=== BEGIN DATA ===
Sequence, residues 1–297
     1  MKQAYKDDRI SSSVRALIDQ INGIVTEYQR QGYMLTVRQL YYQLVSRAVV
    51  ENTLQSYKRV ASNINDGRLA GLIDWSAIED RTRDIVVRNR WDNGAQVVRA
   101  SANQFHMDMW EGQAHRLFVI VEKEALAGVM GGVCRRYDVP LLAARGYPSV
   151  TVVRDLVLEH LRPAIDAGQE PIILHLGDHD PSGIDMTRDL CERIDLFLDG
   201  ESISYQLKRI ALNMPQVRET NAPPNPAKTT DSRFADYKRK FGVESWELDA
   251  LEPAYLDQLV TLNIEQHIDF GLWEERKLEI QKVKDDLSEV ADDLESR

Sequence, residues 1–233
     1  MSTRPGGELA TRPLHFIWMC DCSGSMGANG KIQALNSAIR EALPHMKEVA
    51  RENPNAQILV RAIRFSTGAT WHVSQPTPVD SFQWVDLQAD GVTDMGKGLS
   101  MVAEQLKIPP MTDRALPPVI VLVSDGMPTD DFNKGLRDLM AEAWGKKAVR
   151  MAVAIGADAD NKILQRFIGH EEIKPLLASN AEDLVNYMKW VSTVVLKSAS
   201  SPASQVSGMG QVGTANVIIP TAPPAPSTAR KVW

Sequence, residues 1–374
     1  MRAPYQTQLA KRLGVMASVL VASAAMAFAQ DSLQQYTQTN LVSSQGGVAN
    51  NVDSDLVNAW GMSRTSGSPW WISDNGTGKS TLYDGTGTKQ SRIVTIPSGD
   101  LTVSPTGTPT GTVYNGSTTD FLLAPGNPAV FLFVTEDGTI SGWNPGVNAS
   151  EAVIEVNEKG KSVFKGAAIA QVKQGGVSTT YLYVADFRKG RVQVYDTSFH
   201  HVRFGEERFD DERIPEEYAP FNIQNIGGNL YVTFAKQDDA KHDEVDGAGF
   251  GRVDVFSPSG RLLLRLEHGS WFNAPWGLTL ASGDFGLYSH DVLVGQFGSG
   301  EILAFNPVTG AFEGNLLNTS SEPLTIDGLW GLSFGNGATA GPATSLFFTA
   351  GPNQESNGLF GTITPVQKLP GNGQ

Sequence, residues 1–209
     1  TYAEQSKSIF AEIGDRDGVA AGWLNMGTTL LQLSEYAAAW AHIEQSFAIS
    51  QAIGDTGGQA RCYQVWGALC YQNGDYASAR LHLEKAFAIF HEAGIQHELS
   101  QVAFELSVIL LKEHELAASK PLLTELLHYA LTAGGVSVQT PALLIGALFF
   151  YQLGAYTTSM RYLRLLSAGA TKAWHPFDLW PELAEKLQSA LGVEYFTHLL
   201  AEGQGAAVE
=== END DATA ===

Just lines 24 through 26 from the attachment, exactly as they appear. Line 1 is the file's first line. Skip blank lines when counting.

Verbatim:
     1  TYAEQSKSIF AEIGDRDGVA AGWLNMGTTL LQLSEYAAAW AHIEQSFAIS
    51  QAIGDTGGQA RCYQVWGALC YQNGDYASAR LHLEKAFAIF HEAGIQHELS
   101  QVAFELSVIL LKEHELAASK PLLTELLHYA LTAGGVSVQT PALLIGALFF